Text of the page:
Patients who choose to undergo plastic surgery often enjoy an active lifestyle, as well. Like many enthusiastic people, post-op patients are always eager to get back to their regular exercise as soon as they can after any procedure. While that’s an excellent trait for staying fit and healthy, it’s essential to be careful during your recovery process. Failure to do so can negatively affect your plastic surgery results, and you could endanger your health.
But don’t worry. If you enjoy exercise and are contemplating plastic surgery, you’re not alone. Keep these tips in mind as you prepare for your surgery. Familiarizing yourself with these guidelines will help you have a safe and satisfying return to fitness.
1. Follow Your Surgeon’s Instructions
If you take away only one tip from this article, it needs to be that you must follow your surgeon’s instructions. Your surgeon knows you and your history and the nature of your procedure. They also know what their experience indicates is best for their patients.
Recommendations will vary depending on the patient and the type of procedure. Factors that determine how recovery will look include the invasiveness of the patient’s procedure or procedures, the parts of the body affected by the surgery, and the patient’s lifestyle before surgery. However, even considering these factors, patients’ healing rates vary and may indicate a different recovery.
It doesn’t matter what other surgeons suggest, what you read online, or what people you know to say. Your surgeon knows best.
2. Take It Easy for the First 48 Hours
The first 48 hours after plastic surgery can be uncomfortable or painful. So rest should be at the top of your plan. It should be almost the only thing on your schedule.
A small amount of walking, like across a room or up and down your driveway, is suitable for keeping your blood moving and preventing blood clots. Pumping your calves is helpful as well. However, it would help if you didn’t try to do much more. This is particularly true if you’re on pain medication. Mixing pain medication and exercise can be dangerous.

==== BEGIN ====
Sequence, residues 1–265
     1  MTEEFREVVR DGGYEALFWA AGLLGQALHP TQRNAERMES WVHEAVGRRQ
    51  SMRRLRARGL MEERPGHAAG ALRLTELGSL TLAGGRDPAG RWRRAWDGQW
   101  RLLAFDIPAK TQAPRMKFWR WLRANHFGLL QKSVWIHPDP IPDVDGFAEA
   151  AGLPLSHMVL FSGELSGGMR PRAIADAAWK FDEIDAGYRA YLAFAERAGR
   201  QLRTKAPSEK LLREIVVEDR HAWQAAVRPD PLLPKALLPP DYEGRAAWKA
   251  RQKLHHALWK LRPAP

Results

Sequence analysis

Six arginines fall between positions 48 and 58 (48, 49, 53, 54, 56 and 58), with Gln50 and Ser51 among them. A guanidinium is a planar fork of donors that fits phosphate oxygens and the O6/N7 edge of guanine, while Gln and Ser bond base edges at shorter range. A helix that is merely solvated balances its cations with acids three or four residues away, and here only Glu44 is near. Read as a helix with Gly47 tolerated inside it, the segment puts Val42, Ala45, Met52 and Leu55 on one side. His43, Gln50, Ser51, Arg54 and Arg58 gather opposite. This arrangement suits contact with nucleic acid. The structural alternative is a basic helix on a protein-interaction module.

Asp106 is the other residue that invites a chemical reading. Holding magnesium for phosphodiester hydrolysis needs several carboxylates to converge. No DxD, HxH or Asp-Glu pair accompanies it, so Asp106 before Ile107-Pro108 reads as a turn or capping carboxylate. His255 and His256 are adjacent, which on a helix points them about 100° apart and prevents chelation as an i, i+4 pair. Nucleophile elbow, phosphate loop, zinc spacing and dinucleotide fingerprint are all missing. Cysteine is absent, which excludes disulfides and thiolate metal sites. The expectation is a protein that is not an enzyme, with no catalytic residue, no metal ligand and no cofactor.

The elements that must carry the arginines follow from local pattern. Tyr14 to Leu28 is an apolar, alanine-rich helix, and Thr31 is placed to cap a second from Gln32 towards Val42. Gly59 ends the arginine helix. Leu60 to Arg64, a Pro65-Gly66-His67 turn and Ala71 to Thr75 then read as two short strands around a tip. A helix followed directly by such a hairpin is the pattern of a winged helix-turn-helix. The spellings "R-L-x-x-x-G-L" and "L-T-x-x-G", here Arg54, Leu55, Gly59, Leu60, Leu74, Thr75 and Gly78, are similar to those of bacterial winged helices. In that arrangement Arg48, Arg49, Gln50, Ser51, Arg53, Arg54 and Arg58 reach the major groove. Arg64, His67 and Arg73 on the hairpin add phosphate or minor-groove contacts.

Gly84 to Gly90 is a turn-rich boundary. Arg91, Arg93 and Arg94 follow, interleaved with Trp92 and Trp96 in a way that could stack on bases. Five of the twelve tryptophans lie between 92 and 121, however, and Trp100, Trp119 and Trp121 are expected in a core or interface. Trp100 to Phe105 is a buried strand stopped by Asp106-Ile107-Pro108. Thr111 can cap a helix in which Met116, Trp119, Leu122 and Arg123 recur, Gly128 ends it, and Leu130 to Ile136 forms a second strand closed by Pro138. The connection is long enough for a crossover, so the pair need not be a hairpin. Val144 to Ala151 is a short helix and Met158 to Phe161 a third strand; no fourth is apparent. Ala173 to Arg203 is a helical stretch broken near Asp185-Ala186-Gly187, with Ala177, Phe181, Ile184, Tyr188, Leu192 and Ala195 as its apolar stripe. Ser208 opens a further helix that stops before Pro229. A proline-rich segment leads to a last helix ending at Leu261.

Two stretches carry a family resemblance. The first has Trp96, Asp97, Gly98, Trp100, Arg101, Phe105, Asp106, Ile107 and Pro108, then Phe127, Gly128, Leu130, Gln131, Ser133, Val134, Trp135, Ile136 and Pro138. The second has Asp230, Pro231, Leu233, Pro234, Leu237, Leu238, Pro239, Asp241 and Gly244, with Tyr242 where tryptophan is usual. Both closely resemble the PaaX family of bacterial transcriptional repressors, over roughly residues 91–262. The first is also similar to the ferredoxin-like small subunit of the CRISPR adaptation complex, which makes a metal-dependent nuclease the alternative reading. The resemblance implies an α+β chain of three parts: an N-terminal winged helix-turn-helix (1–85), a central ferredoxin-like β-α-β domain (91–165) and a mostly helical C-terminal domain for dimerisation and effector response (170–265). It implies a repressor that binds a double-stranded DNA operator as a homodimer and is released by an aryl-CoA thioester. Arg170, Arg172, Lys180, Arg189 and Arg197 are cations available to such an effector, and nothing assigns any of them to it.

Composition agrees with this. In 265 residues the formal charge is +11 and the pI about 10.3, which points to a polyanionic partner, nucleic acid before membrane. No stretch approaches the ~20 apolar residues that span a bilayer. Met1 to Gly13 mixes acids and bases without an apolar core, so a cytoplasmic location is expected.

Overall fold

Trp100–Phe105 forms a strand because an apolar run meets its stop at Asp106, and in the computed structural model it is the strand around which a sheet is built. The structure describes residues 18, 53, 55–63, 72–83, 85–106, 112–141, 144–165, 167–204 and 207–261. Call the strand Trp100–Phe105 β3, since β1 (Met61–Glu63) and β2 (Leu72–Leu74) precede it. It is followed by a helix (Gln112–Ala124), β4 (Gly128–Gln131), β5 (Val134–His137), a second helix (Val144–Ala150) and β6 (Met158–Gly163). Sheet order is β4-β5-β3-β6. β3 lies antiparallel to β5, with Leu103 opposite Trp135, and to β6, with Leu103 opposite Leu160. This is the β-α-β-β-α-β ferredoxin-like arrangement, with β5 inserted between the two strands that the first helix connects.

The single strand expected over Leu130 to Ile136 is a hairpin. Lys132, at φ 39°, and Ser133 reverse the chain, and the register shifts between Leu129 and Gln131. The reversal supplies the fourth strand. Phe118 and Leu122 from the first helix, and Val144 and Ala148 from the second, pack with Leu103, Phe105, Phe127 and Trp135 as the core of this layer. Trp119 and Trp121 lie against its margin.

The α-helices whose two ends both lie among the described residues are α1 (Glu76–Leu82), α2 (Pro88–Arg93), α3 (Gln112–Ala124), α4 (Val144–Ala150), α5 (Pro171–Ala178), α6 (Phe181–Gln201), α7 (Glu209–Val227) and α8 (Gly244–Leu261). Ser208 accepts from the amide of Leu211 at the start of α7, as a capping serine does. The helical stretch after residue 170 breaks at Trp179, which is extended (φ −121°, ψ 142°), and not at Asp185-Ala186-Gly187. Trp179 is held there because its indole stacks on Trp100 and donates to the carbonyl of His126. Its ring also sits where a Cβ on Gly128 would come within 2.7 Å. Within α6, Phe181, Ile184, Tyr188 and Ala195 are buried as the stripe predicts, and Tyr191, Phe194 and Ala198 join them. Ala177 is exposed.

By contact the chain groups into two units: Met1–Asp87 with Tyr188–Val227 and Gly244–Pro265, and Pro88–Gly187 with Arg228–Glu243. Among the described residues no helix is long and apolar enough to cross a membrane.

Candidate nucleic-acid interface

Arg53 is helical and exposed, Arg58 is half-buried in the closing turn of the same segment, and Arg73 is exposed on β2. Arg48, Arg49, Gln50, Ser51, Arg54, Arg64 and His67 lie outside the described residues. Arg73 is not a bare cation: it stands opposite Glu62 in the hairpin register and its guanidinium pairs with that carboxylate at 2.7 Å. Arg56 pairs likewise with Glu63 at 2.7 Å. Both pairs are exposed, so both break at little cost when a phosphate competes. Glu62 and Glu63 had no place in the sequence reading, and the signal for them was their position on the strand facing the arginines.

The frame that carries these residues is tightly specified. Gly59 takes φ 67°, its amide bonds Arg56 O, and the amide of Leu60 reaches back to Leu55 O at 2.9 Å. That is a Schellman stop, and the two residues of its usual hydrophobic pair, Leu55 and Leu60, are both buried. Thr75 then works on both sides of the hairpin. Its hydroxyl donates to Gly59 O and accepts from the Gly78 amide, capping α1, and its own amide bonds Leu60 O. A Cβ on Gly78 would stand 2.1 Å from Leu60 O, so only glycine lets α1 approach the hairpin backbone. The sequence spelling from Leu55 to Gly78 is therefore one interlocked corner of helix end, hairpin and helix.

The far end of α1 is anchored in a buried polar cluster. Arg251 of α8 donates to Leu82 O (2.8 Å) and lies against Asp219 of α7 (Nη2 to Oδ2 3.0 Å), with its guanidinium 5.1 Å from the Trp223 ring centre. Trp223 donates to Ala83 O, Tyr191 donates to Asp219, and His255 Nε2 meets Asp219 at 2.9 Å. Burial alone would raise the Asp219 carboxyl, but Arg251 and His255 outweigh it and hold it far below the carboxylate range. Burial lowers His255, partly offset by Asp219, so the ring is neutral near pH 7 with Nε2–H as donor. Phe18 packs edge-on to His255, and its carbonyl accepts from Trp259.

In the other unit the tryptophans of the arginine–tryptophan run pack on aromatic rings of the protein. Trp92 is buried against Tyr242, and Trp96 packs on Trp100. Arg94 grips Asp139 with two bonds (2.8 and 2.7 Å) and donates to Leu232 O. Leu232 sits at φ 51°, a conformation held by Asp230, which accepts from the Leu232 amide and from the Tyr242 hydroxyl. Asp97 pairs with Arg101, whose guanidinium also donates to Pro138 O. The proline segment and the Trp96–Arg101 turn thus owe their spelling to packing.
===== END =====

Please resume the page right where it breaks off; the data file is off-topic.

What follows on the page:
3. Start Slowly – But Start Soon
You shouldn’t leap back into exercise, but you should dip your toe in. Start to resume activity slowly. It’s easy to think that it’s okay to exercise other parts because your surgery was on one area of the body. This isn’t true.
Your body works together, so your whole body is affected by exercise. Exercise raises your heart rate and your blood pressure. If you’ve had a facelift or a tummy tuck, too much activity too early can cause the tiny blood vessels to bleed, resulting in a hematoma. Straining, lifting heavy items, and exertion can lead to swelling, incision reopening, and newly contoured body parts shifting. All of these things can negatively impact your results.
4. Listen to Your Body
Your body knows best. You may feel great one day, but the next day may be a struggle. Honor that. Take it easy and back off. Your body needs to heal. You may experience ups and downs, and that’s okay. When your body tells you what it needs, listen!
Call your surgeon’s office if you feel concerned about your progress or feel a decline in progress. Your surgeon will want to know how you’re doing. They can address your concerns and make sure you’re still on the right track.
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5. Wear Supportive Garments
Your surgeon may require you to wear supportive garments after specific plastic surgery procedures. However, wearing supportive garments while exercising after surgery is a good idea even without a doctor’s order.
If you’ve had breast surgery, be sure to wear a good-quality supportive bra. After surgeries on the torso, including a tummy tuck and liposuction, tight-fitting or compression garments keep body parts in place. Ask your doctor if wearing compression clothing is advisable for you.
6. Remember Your Rest Days
Maybe you’ll feel like a hundred bucks soon after your surgery. So when your doctor tells you to increase exercise, it might seem like skipping rest days isn’t a big deal. It is, though.
Remember, your body is one unit. Even before surgery, it’s healthy to take rest days to allow your body to recover. This is even more true after surgery when your body needs time to rest and repair from the trauma of the surgery and your exercise. Rest up for recovery!
7. Build Up Gradually
Light walking is an excellent way to start, either in your neighborhood or on a treadmill. Take it easy, though. Your surgeon will let you know how long you can try walking and how you can add more time.
When you’re further along in your recovery, don’t take leaps to reach your previous fitness level. After taking time off for recovery, you shouldn’t expect to lift the same weight as before, nor will you last long at cardiovascular activities. However, by building gradually, you avoid injury or damage to your surgery. With patience, you’ll get back to where you were before.
8. Always Get Your Surgeon’s Approval
Just as you need to follow your surgeon’s instructions right after surgery, you still need to follow them later. Call your surgeon’s office with any questions you have as you become more active.
Go to your follow-up appointments and share your progress with your surgeon. Be honest and get their approval before moving on to a new level of exercise. Rely on your surgeon and no one else for direction, and you’ll have a safe and appropriate recovery process.
Plastic surgery is a big deal, and the idea of recovery can be intimidating. However, by being mindful, careful, and direct with your surgeon, you can demystify recovery and ensure your fitness goals never jeopardize your new plastic surgery results.